Review & Perspective: HEAT 1 August 6 -11: Rich

The first thing we were told when the course started was that it would build rifle skills from the ground up. The second thing we were told was that it was an “accelerated small unit tactics course”. Both of these were accurate, and you can envisage all sorts of nonsense with these descriptions, so let me clear things up with what is actually meant by “ground up” and “accelerated” – we started with 11 students, several of whom never touched an AR before, and even added a 12th on day 2, again not having notable recent experience with a modern AR, and ended up with a solid baseline of combat arms skills, mostly indistinguishable from one another by day 4, all capable of working in a small team and giving a would-be opposition force a run for their money. “Oh, that’s nonsense! Only someone who spent $1000+ on their rifle and shoots thousands of rounds through it every weekend at the range could do that!” Wrong. I was there. I saw it all…

The first two days were on the square flat range getting some top notch guidance on AR handling skills, including zero for multiple optics platforms, combat and tactical reloads, malfunction drills tackling 99% of what a typical AR user would encounter (I know this from my own military experience), and a great deal of time spent on making the AR a part of your body, moving it like an appendage and using it as if you were born with it. It’s not as ridiculous as it sounds; after day 2 of the “ground up” range skills I felt extremely comfortable with my rifle and felt safe as houses with the 11 other students… yes, safety was stressed more than any other topic. We were even asked at the end of the course if anyone felt unsafe at any time during the 4-day instruction. No one did. Max and Scott were hawks on safe weapons handling, and we were all the better for it.

Day 2 on the range involved some flavors of movement to contact and fire-and-maneuver skills. For some, this was their first time ever shooting, moving, and communicating (all 3 at once). MVT’s policy for training is basically crawl-walk-run, and this applied in dry-run demonstrations, live-fire runs by the instructors, and then student runs. Each run was critiqued as precisely as possible so the next students could learn fro the last team’s good and bad practices. Once, again, we were all better for it. The biggest takeaway was that it takes many, many hours of practice to get shoot-move-communicate right, and make it natural. I don’t know how other private training facilities do it, but MVT gave us enough to build a foundation which stuck through to days 3 and 4 on the tactical ranges (read: rocky trails in the hills where every direction you go is uphill and the enemy is behind every bit of micro-terrain). Yes, this gets very fun…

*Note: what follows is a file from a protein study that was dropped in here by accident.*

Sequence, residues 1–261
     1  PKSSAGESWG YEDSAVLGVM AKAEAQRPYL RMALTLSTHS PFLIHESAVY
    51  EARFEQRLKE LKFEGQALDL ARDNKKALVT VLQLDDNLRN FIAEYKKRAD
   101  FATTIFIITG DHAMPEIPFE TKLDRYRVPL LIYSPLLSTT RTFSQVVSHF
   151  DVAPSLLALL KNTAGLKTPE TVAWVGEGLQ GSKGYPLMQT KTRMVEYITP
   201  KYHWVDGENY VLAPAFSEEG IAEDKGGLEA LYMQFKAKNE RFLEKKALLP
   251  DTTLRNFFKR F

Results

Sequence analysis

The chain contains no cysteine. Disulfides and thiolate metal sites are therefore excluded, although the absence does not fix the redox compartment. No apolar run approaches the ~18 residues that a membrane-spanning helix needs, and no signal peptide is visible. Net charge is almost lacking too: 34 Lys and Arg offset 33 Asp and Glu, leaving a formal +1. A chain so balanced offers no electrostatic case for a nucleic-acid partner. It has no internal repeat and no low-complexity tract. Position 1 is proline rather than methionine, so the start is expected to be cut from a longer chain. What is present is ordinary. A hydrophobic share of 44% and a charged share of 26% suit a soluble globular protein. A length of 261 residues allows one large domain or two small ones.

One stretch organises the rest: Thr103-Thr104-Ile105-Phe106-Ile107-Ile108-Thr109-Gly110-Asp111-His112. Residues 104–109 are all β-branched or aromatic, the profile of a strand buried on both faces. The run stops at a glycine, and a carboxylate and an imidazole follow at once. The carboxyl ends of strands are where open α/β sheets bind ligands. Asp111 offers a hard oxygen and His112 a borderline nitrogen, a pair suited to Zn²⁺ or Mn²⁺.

To summarize the last 2 days of the 4-day course, all your skills from the square ranges are applied in pretty realistic patrol scenarios. I mentioned it’s an accelerated tactics course. You learn the drills which form the basic components of most small unit tactics – drills make up tactics, and these drills can be applied to tactics in nearly any environment. Max and Scott gave just enough away that you knew you were going to fire your weapon, but not where, when, and for how long. The drills we did were at times terrifying, especially when dust and dirt obscured your targets, but also extremely gratifying when you got your hits, moved as a team, and won the fight. Yeah, there were no shots fired back at you (I suggest MVT’s Force on Force events for that – using Airsim of course), but the live fire dimension, along with the throat-killing screams to move up, get cover, and assault drew you in more than enough to make it real. This is not the movies or video games; you are taking your first steps to being a gunfighter, and nowhere else outside the military can I say the same.

Final argument – I started with 11 strangers and finished with 11 teammates. Don’t come in with the impression you’ll leave a Ranger; this is an “accelerated” course which teaches you drills. It’s basic, but essential; all special forces worldwide win fights by training and mastering the basics; the building blocks for all tactics. That is what you get here. That, and proof that you and your rifle can stand up to a combat environment.

P.S. – Take the fitness assessment seriously. You’re no good to anyone if you can’t keep up with your team or move fast enough to subdue the enemy. Be fit to fight.”